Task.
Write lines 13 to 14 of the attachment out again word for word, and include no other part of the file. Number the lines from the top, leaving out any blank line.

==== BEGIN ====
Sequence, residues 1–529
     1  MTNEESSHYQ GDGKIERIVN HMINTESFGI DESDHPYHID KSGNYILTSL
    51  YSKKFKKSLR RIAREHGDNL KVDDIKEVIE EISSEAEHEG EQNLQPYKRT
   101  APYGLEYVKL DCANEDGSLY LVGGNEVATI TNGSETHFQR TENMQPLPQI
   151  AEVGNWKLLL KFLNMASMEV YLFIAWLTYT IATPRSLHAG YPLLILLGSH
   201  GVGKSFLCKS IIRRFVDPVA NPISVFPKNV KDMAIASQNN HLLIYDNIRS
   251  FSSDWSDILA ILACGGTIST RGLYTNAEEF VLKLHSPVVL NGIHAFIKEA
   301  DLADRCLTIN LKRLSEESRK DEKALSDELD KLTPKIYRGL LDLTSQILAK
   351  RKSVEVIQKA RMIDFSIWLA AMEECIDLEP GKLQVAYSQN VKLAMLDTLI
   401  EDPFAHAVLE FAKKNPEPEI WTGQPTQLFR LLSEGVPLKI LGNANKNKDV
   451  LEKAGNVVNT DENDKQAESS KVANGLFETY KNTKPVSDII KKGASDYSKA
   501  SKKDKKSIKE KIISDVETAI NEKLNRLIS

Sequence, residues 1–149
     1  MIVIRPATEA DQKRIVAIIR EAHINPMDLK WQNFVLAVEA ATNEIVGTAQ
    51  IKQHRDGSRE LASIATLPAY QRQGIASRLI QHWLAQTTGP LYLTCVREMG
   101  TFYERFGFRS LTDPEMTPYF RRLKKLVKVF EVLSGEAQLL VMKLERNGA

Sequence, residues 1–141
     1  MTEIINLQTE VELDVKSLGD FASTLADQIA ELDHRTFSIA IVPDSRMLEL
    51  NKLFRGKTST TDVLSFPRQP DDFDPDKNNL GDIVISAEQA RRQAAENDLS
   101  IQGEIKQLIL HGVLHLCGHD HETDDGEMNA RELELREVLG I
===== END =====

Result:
Sequence, residues 1–149
     1  MIVIRPATEA DQKRIVAIIR EAHINPMDLK WQNFVLAVEA ATNEIVGTAQ